When 9/11 happened I was a 22-year-old registered nurse. I was watching CNN while it was occurring, and I remember seeing that 2nd plane circling in the distance, slowly closing in, and then colliding with the tower.
My life plan up until that point only aspired to the party lifestyle. The effect of 9/11 really didn't sink in immediately. Over the next two years as America went to war and our young soldiers died, I began to question how much I was willing to sacrifice for a way of life that I enjoyed so much, and how much others had sacrificed without even being asked to.
I quit a lucrative private-nursing job and joined the Air Force as an ER nurse. I took a $40,000 pay cut and moved to San Antonio.
My first tour was spent in Balad, Iraq. We saw thousands of traumas, and were the main casualty collection point during the battle for Fallujah. We were mortared daily and I spent day after day staring at young men who were mangled and burned beyond comprehension, but just kept asking "how's my buddy?" or "when can I get back out to the field?" It makes a lasting impression upon you.
Now I am serving a tour here in Baghdad, and I have realized that what led me to this point is this: 3,000 people were murdered on 9/11. And scores of the nation’s young men and women left their lives behind to sacrifice so much to secure and protect the country that they love. More than I have sacrificed. Namely, that I could not in good conscience continue to take advantage of a way of life that so many have sacrificed their own lives to preserve.
So my career and life aspirations are to now watch over the men and women under my command and to give the dying, wounded and sick service members the finest nursing care that I can.
Name: Sherri Kilian
Hometown: Charlotte, N.C.
When I met my husband, he was a lieutenant in the Navy. When we got engaged, he decided to leave the Navy so that he would not be an absentee father to our future children. His dad was active-duty Navy as he was growing up and was always gone.
After 9/11, my husband immediately went into the Navy Reserves. He felt very strongly about defending our country and standing up to terrorism.
Our daughter was born in November of 2004 and shortly after her birth, my husband was deployed to Iraq. He returned when my daughter was 11 months old. Three and a half months after his homecoming, we got the call he was deployed to Afghanistan for one year.
My daughter is now 19 months old and my husband has been gone over half of her short life. A minor sacrifice by comparison. We are very blessed not to have been directly affected by 9/11. We didn't lose any of our loved ones.
I am extremely proud of my husband and his patriotism. He is paying homage to the memories of those who perished on 9/11 and its aftermath. The victims of 9/11 will never be forgotten and we should never forget the hard lessons learned on that day.
Name: Christine Steadman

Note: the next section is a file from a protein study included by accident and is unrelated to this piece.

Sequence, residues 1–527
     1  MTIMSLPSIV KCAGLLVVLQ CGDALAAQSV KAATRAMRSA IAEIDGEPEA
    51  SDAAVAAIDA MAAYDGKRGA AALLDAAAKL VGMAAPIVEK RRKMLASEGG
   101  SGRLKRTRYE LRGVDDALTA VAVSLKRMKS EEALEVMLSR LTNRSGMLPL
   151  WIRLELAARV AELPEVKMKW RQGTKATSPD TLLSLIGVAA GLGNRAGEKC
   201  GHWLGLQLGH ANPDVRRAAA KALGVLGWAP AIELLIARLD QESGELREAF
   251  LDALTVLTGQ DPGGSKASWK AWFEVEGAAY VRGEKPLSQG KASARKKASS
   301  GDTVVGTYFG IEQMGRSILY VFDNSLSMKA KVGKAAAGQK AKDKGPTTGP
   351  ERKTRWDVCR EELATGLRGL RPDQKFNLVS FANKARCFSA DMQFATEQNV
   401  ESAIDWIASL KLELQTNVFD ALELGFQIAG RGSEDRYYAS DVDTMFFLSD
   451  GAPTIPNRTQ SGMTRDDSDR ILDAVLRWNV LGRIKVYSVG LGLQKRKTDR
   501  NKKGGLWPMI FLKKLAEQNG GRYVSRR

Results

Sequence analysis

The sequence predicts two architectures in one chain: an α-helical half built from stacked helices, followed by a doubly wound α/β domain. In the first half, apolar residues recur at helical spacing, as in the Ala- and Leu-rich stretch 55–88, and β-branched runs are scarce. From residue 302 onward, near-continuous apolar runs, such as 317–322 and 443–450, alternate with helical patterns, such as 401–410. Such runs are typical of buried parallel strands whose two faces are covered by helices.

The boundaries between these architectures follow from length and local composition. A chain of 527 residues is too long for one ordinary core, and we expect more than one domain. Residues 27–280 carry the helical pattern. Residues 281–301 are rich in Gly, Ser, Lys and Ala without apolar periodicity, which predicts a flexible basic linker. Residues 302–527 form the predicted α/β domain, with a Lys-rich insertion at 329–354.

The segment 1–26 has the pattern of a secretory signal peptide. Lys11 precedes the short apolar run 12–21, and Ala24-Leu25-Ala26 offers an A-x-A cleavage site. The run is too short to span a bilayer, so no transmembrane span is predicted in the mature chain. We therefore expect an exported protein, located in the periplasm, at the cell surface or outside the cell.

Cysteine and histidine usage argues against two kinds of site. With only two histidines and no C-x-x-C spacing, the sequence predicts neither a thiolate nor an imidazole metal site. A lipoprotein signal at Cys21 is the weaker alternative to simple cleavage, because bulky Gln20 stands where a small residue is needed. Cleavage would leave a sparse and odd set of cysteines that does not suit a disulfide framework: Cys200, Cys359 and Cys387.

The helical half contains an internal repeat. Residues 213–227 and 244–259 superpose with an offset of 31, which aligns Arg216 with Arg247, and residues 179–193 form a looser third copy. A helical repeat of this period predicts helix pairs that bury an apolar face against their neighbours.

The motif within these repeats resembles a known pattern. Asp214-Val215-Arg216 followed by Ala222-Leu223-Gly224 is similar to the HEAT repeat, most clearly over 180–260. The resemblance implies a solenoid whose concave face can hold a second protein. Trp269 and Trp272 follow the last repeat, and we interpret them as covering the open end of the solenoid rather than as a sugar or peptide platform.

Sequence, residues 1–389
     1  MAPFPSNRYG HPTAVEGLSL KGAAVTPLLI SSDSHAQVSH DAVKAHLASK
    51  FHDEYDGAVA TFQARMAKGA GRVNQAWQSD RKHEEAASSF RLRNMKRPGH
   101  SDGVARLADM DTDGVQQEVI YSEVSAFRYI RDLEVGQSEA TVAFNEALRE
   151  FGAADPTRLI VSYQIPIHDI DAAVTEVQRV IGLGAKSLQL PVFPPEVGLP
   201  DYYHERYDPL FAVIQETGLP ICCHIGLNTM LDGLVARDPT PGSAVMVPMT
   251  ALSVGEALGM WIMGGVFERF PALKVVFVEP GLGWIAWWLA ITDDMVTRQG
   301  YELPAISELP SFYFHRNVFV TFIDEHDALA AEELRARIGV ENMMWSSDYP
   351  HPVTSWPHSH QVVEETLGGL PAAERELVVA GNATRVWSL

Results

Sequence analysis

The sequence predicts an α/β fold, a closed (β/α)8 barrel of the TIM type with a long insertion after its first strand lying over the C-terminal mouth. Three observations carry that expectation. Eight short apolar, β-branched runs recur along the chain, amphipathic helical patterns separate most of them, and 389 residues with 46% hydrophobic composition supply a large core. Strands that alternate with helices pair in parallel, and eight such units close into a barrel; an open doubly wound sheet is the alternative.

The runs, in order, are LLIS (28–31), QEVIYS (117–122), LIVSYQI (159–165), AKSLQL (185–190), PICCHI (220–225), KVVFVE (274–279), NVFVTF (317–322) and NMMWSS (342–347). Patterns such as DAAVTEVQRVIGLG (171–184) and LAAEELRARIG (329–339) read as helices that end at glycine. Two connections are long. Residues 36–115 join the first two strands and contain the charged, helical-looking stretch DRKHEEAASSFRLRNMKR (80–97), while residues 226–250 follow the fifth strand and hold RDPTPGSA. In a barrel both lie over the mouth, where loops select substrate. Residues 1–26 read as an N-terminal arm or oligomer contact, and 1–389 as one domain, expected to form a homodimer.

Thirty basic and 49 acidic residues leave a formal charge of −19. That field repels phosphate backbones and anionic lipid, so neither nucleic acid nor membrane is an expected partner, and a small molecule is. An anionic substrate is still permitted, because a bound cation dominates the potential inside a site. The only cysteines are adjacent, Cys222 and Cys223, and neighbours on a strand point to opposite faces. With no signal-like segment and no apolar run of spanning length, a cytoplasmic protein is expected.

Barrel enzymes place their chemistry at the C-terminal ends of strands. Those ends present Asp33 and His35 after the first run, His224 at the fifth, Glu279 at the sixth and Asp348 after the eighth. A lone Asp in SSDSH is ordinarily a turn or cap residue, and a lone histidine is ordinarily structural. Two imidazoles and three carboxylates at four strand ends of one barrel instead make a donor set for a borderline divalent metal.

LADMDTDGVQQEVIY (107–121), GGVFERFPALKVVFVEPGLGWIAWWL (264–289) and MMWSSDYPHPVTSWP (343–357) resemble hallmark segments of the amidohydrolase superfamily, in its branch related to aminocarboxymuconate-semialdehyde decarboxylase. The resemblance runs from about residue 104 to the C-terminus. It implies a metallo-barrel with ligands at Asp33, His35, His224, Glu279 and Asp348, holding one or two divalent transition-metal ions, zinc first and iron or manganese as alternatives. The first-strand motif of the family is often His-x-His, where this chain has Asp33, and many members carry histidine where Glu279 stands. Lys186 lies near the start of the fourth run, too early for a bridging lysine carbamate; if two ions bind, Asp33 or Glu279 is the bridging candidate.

Hometown: Eugene, OR
We live a simple, unassuming life in Eugene, Oregon. Simple family life, ordinary professions within locally owned companies. For pleasure we enjoy the many offerings in Eugene - whether it be local events or the convenience of being only one hour way in all directions from either the ocean, the mountains or the larger “night life” of a larger metropolitan area.
I remember being at the office working as usual when someone heard over the radio about the first plane hitting the first tower. Someone turned on the TV located in the company break room and we would gather for a few minutes for the updates and sporadically disperse.
Many of us watched in horror the second plane hit the tower - almost re-running it in our minds as certainly not being a real-life event as it was so unbelievable. We were across the country from New York but it felt as if it was happening across our own town.
It was largely due to 9/11 that our son, then 19, joined the Army and was later deployed to Iraq. If not for 9/11 I am certain he would have chosen another venue in life. His choice of serving his country through an enlistment in the Army has molded him to the brave, respectful and honest individual that he is today.
He has a pride in his own country that is deeper than possibly otherwise would have been, and while he has always been a compassionate individual, he now has a greater sense of duty to the “underdog” be it within his own homeland or others.
As for me, music before 9/11 had its patriotic anthems such as Bruce Springsteen's “Back in the USA,” but after 9/11 the songs seemed to have a deeper meaning, more personal. Toby Keith's “American Soldier” and John Michael Montgomery's “Letters from Home” cannot play completely without at least one tear in my eyes being formed.
They remind me of my son and his fellow troops, all the duty and work they do to protect the U.S.A. and Iraqi people.
To wear Red, White and Blue is no longer just a fashion decision or done for the 4th of July. It is a proud reminder to myself that I am an American and a solemn reminder of all those people we lost on 9/11 to a senseless act of terrorism.
Every time I see a person in military, a policeman or firefighter at the local mall I want to go up and thank them for their services. I realize that they more than likely were not personally involved that fateful day, but that if something similar was to happen again, it is them that would be ready for action.
Our son is preparing to re-deploy, not today, but in the near future. 9/11 created a shockwave across the nation that I do not think will ever stop trembling. We are more aware in our day to day activities to another situation possibly re-enacting within our own communities and also more grateful to all the little things we may have thought insignificant prior.